Guilty and Proud of it: extracts

from Solidarity 156, 30 July 2009, origianlly posted here

Janine Booth’s recently published book “Guilty and Proud Of It!” is a story about how a group of socialist Labour councillors in Poplar, East London, refused to bow to the “norms” of capitalist economics and politics, and stood up for the working-class people who voted them in. They went to prison rather than accepting inequitable taxes. Newly-enfranchised working-class voters elected Labour to run the Council in 1919. For the next two years, it improved life for Poplar residents, coming into ever-increasing conflict with the central authorities and the local government funding system. The crisis came in 1921. With unemployment rising, Poplar Borough Council could not provide relief drawing only on the limited wealth of one poor London borough. Poplar councillors, including future Labour leader George Lansbury, demanded that rates from richer areas should help. Rich Kensington had a hugely greater rateable value and far fewer jobless people: it could afford to pay more. So Poplar refused to pay over rates to the London County Council, and thus began the Poplar Revolt. Poplar’s fight took its Councillors to prison in September 1921. After six weeks, the courts released them from prison and the government changed the law to redistribute funding from richer to poorer boroughs: they had won! Over the following years, they continued to battle, but lost momentum. The following extracts from Janine’s book are a summary of this tremendous of the story. Janine is a member of the Alliance for Workers’ Liberty, a London Underground worker and an activist in the RMT union. She lives in Hackney, East London.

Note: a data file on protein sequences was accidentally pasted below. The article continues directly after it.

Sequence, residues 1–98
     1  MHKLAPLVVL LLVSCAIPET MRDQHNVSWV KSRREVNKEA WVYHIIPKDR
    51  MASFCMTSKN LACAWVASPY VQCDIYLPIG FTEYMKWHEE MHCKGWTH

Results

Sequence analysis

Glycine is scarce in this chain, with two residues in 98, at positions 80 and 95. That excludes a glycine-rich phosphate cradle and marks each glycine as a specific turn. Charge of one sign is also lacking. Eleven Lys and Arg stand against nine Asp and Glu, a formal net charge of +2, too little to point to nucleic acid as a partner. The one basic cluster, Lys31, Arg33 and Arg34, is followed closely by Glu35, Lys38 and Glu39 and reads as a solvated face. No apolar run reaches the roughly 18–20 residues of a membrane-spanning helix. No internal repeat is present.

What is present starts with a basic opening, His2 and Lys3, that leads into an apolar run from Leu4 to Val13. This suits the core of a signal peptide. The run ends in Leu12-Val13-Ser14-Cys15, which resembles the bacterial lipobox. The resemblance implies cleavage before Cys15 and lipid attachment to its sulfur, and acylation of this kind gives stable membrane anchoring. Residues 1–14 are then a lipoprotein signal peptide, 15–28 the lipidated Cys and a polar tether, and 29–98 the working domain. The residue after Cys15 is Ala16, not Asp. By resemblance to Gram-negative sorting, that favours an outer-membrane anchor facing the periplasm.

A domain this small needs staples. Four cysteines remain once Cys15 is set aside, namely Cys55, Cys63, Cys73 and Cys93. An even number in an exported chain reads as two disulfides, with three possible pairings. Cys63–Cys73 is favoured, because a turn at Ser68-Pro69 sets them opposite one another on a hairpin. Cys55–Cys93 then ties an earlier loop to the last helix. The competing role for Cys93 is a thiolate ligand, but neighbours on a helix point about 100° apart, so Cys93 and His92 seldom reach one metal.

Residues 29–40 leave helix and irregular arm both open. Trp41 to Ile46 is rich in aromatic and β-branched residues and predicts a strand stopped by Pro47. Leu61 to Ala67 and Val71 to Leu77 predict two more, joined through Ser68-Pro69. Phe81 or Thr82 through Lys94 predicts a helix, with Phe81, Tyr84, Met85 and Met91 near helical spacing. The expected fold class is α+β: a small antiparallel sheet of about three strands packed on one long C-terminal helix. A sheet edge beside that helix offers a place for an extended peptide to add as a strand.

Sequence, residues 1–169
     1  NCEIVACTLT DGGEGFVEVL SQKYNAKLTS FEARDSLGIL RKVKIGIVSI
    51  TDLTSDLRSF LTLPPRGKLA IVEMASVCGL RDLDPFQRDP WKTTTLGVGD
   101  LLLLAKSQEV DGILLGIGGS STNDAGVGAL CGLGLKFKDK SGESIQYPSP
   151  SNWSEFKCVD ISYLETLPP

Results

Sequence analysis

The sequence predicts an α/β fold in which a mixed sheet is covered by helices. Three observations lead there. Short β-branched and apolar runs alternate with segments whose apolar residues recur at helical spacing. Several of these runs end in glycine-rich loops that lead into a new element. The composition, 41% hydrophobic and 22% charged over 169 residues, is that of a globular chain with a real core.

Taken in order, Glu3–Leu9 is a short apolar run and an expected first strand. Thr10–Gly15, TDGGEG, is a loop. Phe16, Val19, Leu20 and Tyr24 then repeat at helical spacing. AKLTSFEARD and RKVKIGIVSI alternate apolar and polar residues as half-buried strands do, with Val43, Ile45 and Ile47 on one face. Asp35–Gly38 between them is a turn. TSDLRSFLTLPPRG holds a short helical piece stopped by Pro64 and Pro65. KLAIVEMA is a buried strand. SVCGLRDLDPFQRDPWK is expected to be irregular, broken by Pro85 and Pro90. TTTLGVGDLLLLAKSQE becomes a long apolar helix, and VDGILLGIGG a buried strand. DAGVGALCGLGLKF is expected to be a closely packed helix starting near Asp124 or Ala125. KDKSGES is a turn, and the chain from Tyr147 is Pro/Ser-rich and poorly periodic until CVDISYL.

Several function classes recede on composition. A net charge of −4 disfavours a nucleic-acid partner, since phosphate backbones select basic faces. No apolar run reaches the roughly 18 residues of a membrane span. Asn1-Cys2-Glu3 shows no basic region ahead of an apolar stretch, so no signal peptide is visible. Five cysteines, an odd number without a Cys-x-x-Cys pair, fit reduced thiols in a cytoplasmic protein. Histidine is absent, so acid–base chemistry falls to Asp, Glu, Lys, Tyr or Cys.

Storm clouds gathering
Labour’s appeal to Poplar voters in November 1919 found shocking success. The local press announced “Great Labour Victories”. On a 28% turnout, Labour had won 39 of the 42 Council seats. A riverside area in East London, Poplar ranked tenth in size and population of the 28 Metropolitan London boroughs… One of its new Labour Councillors, Edgar Lansbury, described it as “a place where money is made and lives destroyed.” … Labour had hoisted its own flag, and George Lansbury explained that “all the muddle-headed Fabian intellectualism which caused the old Poplar Labour League to unite itself with Liberalism masquerading as Progressivism, has been swept away… We are all clear class-conscious socialists working together.” November 1919 was a new dawn for working-class politics in Poplar and elsewhere…. In 1919, for the first time ever, Poplar’s Council looked like its electorate. It included railworkers, dockers, labourers, postmen, a road engineer, a toolmaker, a lead worker and a farrier. … Having established the principle of contesting elections independently for working-class interests, Poplar’s socialists now turned their attention to governing independently in working-class interests. Now Labour had power in Poplar Council, what was it to do? Make small improvements here and there? No. These Councillors made a clear and bold choice: they would use all their powers to dramatically improve the lives of Poplar’s working class.